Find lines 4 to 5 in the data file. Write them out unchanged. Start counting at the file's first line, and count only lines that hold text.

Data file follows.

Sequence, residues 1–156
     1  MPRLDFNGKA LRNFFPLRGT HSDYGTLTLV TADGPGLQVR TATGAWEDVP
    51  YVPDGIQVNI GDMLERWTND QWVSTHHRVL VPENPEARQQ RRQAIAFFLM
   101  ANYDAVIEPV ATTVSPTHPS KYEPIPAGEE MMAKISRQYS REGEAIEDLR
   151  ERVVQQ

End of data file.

   101  ANYDAVIEPV ATTVSPTHPS KYEPIPAGEE MMAKISRQYS REGEAIEDLR
   151  ERVVQQ